Within the discourse of gender, certain traits, behaviors, and interests are associated with women, and others with men. Gender is assumed to be dichotomous—a person can be classified as either masculine or feminine but not both—and to reside within the individual. Moreover, the mascu­line pole of this constructed dichotomy is the more valued.

People develop their sense of self within prevailing discourses, in­cluding the discourse of gender (Shotter & Gergen, 1989). To a greater or lesser extent, women and men come to accept gender distinctions visible at the structural level and enacted at the interpersonal level as part of the self-concept. They become gender-typed, ascribing to themselves the traits, behaviors, and roles normative for people of their gender in their culture.

At the individual level, gender is re-created when women internalize their devaluation and subordination. Feminist theories of personality de­velopment (e. g., Miller, 1986) stress that feminine characteristics such as passivity, excessive concern with pleasing others, lack of initiative, and dependency are psychological consequences of subordination. Members of subordinate social groups who adopt such characteristics are considered well-adjusted, even though the characteristics would not be considered healthy for adult men. Those who do not adopt such characteristics are controlled by psychiatric diagnosis, violence, or the threat of violence, and social ostracism.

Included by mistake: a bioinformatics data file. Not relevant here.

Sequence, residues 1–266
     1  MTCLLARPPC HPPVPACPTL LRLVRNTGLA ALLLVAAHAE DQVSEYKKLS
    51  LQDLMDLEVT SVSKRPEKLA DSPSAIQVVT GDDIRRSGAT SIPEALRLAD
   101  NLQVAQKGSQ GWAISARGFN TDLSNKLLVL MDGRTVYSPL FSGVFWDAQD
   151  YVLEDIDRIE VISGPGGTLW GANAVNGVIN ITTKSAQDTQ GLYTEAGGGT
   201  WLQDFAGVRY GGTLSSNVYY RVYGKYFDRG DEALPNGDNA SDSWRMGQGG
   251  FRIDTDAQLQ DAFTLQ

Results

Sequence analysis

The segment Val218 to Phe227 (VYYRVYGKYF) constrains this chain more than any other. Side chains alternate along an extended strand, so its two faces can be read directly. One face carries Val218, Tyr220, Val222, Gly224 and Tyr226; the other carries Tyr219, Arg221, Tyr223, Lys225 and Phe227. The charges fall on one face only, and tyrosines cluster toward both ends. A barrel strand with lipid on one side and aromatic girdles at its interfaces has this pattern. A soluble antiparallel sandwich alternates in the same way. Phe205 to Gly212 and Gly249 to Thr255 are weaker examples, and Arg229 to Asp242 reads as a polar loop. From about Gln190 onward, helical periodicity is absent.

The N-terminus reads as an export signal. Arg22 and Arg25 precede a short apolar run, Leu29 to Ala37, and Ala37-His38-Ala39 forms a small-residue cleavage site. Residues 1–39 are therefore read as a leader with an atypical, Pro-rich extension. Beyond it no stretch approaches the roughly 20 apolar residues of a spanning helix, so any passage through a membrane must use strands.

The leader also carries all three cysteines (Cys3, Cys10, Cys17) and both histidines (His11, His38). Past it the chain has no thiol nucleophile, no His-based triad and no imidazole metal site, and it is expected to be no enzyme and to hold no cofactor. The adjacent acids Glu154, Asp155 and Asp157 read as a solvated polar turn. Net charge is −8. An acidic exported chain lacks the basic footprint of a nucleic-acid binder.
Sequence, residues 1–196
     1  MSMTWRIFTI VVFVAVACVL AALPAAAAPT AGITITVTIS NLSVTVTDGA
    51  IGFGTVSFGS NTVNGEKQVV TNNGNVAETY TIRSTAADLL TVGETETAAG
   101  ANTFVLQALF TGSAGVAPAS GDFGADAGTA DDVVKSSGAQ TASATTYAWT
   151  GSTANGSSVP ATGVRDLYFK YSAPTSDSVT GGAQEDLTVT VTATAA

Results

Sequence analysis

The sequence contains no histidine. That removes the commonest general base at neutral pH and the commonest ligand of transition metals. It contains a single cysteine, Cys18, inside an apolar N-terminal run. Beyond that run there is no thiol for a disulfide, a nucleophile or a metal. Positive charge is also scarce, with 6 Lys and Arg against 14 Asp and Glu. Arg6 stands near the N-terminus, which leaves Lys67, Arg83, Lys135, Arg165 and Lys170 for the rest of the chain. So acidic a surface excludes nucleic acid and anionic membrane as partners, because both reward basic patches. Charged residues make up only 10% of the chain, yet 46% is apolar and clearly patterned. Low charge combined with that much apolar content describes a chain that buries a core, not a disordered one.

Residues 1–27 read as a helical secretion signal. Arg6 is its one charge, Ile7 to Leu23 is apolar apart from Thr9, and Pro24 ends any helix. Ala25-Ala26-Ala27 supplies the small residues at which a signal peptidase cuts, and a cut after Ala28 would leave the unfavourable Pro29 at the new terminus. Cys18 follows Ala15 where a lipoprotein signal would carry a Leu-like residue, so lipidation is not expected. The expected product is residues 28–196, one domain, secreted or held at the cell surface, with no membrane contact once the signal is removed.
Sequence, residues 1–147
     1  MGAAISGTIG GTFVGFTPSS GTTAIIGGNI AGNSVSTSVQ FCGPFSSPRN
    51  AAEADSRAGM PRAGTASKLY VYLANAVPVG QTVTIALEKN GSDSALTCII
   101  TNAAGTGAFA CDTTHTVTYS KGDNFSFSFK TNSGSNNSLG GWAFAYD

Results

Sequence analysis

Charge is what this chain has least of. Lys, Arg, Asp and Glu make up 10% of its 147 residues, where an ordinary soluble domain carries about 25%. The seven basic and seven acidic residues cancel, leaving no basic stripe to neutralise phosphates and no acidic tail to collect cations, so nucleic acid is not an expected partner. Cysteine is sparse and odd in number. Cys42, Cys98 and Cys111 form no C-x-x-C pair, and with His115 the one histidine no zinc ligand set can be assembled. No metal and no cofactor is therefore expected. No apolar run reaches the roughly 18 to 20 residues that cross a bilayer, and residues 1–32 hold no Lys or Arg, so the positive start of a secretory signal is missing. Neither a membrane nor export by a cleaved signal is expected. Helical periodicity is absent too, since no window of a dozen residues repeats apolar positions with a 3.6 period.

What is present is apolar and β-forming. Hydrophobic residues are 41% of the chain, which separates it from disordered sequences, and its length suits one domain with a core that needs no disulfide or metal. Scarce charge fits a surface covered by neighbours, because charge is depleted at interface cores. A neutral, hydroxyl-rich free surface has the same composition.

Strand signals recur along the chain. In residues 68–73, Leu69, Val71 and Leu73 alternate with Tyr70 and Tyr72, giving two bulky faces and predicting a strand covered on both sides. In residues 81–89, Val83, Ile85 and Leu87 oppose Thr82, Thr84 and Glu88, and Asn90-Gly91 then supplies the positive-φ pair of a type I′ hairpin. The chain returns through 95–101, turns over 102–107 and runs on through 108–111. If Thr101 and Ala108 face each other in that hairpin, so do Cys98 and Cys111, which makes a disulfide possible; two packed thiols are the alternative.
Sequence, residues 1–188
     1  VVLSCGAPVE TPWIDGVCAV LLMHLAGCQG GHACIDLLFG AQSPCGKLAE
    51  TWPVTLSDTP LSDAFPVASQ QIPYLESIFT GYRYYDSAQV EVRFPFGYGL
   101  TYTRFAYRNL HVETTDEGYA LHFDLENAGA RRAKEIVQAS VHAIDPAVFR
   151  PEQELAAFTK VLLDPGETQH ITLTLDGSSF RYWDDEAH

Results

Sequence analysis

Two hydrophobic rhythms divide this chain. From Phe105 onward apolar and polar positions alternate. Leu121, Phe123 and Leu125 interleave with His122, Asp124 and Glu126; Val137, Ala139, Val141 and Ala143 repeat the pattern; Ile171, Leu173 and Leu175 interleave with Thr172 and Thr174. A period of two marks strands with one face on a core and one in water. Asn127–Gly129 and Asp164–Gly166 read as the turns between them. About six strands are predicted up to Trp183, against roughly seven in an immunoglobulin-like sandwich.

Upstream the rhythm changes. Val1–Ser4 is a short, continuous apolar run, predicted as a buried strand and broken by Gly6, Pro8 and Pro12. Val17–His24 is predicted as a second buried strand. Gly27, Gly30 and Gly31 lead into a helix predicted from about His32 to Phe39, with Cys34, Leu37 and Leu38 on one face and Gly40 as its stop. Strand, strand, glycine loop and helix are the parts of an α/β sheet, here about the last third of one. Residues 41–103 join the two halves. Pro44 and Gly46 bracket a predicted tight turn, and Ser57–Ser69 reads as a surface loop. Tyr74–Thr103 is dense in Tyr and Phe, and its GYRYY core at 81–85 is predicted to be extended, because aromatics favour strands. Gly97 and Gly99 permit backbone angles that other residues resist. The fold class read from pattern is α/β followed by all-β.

Gender, then, is a self-fulfilling prophecy (Crawford & Unger, 1992; 2000). Women are different from men. Yet, paradoxically, this is not be­cause they are women (Bohan, 1993). Each of us behaves in gendered ways because we are placed in gendered social contexts. Women encounter dif­ferent social contexts than men. Women and men face different expecta­tions and norms even for what look like identical situations. If women try not to do gender, they confront the social consequences of violating these norms and expectations.